ASEAN KEY DESTINATIONS
Thailand Political Stalemate:
Crisis defused but dangers ahead
Flights in and out of Bangkok resumed Wednesday after anti-government protests that paralysed the capital's international airport for more than a week ended with the peaceful ouster of the prime minister, reported the Associated Press.
But most of the explosive issues that have divided the country for more than two years remained unresolved and long-term prospects for stability were dim.
"It is nothing more than an intermission. It is not over until the two sides of the political spectrum can reconcile and the prospect of that happening is very bleak," said Charnvit Kasetsiri, a historian and former rector of Bangkok's Thammasat University.
The People's Alliance for Democracy, which has led six months of street demonstrations and the airport protests, warned that it would be back on the streets if a new government maintained links to the man who has torn apart the Thai political fabric since being ousted in a military coup in September 2006 - Thaksin Shinawatra.
Although exiled, Thaksin remains extremely popular among the rural poor and the new government is certain to include his allies. The alliance, commonly called PAD, has vowed to eradicate his influence, accusing him of massive corruption and seeking to undermine Thailand's much-revered monarch.
All sides awaited the annual birthday speech Thursday of King Bhumibol Adulyadej, who over the past four decades has stepped in to defuse several bloody political confrontations.
"Expectations are very high. If the royal comments are seen as fair and balanced with a way (out of a crisis), people will try to think about that and maybe to push for that way forward," said Thitinan Pongsidhirak, a political scientist at Bangkok's Chulalongkorn University.
But Thitinan said that the king's guidance, if any, might not be sufficient to heal the deep polarisation.
"It's also possible that one side or the other will see it as insufficient, in which case they will not stand down and go home quietly. It is uncertain whether all sides will accept the royal comments," he said.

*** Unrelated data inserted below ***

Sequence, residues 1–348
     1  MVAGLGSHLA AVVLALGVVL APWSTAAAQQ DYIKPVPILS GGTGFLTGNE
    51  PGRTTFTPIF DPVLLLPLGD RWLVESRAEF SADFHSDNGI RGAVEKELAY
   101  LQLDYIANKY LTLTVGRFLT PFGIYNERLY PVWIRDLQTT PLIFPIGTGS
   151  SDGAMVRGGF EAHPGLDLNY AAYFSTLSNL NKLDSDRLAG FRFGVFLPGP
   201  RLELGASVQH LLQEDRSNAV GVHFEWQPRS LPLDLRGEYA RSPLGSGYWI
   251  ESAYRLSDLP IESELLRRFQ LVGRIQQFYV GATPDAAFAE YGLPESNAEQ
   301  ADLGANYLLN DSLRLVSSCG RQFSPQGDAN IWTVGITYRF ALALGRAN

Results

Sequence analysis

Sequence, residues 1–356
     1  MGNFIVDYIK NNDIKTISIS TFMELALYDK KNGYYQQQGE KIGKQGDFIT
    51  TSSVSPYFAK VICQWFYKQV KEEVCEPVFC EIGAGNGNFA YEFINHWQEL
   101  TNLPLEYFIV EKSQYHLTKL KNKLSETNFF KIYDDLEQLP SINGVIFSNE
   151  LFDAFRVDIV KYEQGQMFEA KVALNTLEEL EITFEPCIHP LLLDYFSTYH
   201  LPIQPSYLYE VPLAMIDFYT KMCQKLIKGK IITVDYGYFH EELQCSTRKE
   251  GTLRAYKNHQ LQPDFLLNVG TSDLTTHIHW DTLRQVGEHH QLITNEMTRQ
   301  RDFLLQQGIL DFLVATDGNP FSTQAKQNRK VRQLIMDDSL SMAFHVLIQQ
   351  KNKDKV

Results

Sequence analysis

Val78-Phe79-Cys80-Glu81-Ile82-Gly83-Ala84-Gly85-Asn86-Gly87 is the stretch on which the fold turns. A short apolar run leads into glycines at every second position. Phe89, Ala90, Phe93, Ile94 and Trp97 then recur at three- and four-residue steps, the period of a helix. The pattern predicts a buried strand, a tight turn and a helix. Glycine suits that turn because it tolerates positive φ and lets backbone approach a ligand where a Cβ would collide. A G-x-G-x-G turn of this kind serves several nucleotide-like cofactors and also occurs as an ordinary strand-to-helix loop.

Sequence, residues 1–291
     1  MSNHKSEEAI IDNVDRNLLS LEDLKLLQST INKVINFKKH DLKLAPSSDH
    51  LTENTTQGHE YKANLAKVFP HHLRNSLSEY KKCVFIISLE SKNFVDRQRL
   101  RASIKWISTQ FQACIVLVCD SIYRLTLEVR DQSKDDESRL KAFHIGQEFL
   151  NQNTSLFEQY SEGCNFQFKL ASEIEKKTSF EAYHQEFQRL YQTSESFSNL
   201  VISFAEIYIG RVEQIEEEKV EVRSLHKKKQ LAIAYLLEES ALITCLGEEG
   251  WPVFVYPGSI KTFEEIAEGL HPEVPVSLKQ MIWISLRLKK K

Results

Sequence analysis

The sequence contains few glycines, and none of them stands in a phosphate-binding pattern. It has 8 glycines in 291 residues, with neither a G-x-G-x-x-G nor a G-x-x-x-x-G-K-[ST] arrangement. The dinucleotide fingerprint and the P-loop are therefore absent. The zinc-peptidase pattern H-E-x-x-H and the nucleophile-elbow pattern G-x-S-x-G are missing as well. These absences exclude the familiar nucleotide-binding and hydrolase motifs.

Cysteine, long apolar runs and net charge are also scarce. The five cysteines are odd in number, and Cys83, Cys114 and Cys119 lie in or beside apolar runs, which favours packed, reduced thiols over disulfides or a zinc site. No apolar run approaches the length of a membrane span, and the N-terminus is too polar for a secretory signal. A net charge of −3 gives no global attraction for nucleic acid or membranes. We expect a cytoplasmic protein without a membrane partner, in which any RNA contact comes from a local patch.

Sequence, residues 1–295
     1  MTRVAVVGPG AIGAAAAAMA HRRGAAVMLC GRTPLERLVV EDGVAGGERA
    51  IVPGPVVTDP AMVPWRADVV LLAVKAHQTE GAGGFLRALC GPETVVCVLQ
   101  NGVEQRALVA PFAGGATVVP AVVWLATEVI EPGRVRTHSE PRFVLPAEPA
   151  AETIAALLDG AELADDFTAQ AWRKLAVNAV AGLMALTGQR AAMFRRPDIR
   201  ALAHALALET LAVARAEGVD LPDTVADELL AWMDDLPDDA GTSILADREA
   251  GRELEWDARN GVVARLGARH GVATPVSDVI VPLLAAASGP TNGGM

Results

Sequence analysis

The first commercial airliner to arrive - a flight by the national airline Thai Airways from the resort island of Phuket - landed at Suvarnabhumi at 2:15 p.m. (0715 GMT). Also Wednesday, a Thai Airways flight took off from Suvarnabhumi for Sydney.
Meanwhile, about 700 soldiers inspected the airport for bombs and weapons, and airport security officials set up a perimeter around the airport as they dismantled blockades and checkpoints set up by the alliance.
Following months of protest by the alliance, in which at least six people were killed and scores injured, the country's Constitutional Court ruled Tuesday that the three ruling coalition parties were guilty of committing fraud in the December 2007 elections which brought them to power.
The ruling banned Prime Minister Somchai Wongsawat, Thaksin's brother-in-law, and 59 executives of the three parties from politics for five years.
A meeting Wednesday among the three ousted parties, which vowed to stick together in a coalition, endorsed Deputy Prime Minister Chaowarat Chandeerakul as the caretaker prime minister.
Charnvit said that despite its losses the coalition was still strong enough to form a government dominated by pro-Thaksin politicians.
"Neither side has been completely ruined and until that happens, Thailand will go from one crisis to another," he said. "Both sides are beyond reconciliation or typical Thai-style compromise."
The anti-government alliance claims Thailand's rural majority - who gave landslide election victories to the Thaksin camp - is too poorly educated to responsibly choose their representatives and says they are susceptible to vote buying.
It wants the country to abandon the system of one-person, one-vote, and instead have a mixed system in which most representatives are chosen by profession and social group.
Pro-Thaksin politicians have been pushing to amend the constitution to allow Thaksin, who is also banned from politics and convicted on corruption charges, to make a comeback.